Last time, we featured the first part of our interview with Brian Matthews, the creator of the hilarious parody STONE TREK, and his amazing voice-over artist, Wally Fields. Stone Trek is one of the most inspired, creative, and well-executed of all the Star Trek fan film mash-ups, a series of nine cartoon shorts created by Brian Mathews and released online using Adobe’s Flash software between 2000 and 2007. Merging the two distinct television franchises into a completely fresh hybrid, Brian and his team took us where no caveman had gone before…
When it comes to fan films, Star Trek is no stranger to mash-ups. Fans have taken Star Trek into the Star Wars universe and vice versa. Kirk and Spock have met the 1960s TV Batman and Robin. Heck, the Enterprise has even picked up Dorothy from The Wizard of Oz! (I’ve already done a feature on Star Trek vs. Batman. The others are coming.)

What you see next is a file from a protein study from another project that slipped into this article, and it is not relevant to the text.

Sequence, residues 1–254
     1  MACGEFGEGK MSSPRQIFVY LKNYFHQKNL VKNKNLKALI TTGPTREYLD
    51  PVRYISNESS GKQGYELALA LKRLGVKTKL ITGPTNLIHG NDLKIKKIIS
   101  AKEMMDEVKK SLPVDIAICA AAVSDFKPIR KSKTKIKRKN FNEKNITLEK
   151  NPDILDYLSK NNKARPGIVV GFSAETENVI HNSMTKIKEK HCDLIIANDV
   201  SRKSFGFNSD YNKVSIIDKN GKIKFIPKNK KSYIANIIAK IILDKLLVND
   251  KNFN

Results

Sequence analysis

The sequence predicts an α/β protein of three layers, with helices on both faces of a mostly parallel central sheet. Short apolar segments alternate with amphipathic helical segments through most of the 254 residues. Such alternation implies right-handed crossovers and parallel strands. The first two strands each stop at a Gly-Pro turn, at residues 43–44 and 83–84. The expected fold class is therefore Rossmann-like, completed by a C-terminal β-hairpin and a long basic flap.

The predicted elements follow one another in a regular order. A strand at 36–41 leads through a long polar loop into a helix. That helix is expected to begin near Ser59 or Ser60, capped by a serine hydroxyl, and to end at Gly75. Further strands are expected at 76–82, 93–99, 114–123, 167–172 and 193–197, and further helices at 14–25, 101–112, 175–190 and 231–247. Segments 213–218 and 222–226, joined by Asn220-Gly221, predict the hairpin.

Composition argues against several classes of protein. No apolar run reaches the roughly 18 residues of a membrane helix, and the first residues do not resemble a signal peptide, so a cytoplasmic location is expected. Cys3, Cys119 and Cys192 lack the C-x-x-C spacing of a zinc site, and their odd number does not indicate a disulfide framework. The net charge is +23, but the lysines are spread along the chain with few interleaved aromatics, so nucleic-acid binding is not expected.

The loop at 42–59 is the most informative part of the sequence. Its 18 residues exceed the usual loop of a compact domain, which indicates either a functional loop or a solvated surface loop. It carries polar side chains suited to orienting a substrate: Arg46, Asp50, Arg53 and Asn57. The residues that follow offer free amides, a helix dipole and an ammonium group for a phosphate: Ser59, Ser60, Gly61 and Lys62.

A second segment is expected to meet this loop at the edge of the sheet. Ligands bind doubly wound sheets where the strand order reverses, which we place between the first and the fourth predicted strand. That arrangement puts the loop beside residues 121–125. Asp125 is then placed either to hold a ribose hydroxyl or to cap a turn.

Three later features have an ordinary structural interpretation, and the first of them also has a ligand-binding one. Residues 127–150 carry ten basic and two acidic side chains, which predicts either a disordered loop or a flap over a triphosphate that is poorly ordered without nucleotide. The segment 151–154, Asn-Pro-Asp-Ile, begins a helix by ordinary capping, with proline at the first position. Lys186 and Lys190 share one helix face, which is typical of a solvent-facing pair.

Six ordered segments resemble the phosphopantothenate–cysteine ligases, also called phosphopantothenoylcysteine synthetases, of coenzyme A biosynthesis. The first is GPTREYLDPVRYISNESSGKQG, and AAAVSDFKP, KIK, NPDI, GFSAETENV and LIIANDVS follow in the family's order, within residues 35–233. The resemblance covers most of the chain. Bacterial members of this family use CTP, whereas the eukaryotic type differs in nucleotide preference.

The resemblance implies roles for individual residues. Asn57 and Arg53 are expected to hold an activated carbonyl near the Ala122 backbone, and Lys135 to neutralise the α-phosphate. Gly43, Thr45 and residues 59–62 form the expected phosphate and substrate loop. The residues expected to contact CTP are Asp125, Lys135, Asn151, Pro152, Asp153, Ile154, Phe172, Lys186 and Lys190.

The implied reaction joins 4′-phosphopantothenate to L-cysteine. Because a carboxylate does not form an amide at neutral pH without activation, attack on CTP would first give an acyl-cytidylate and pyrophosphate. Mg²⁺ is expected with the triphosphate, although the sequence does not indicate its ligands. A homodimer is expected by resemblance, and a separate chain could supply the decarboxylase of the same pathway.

But by far (at least in my opinion) the most inspired, creative, and well-executed of all the Star Trek fan film mash-ups is Stone Trek, a series of nine cartoon shorts created by Brian Mathews and released online using Adobe’s Flash software between 2000 and 2007.
Stone Trek is NOT some silly crossover where the USS Enterprise travels back in time to Bedrock and Fred Flintstone beams up to meet Captain Kirk. Instead, it’s a complete hybrid of the two shows, an entirely new entity combining recognizable elements of both but ultimately emerging as something totally unique and original.
Have you ever sat in the audience for something–a concert, a stage play, or a seminar–and there was an unexpected delay? Maybe there were technical problems, or maybe someone was stuck in traffic. Whatever the reason, as things took longer and longer to get started, was the audience becoming impatient?
Maybe you were lucky and there was a host or a warm-up act who could keep the audience engaged and entertained during the delay. Or maybe you weren’t lucky and just sat there waiting…and waiting…and waiting. Maybe some people even got frustrated and walked out before the show started.
What does any of this have to do with Star Trek: Discovery and fan films? Glad you asked!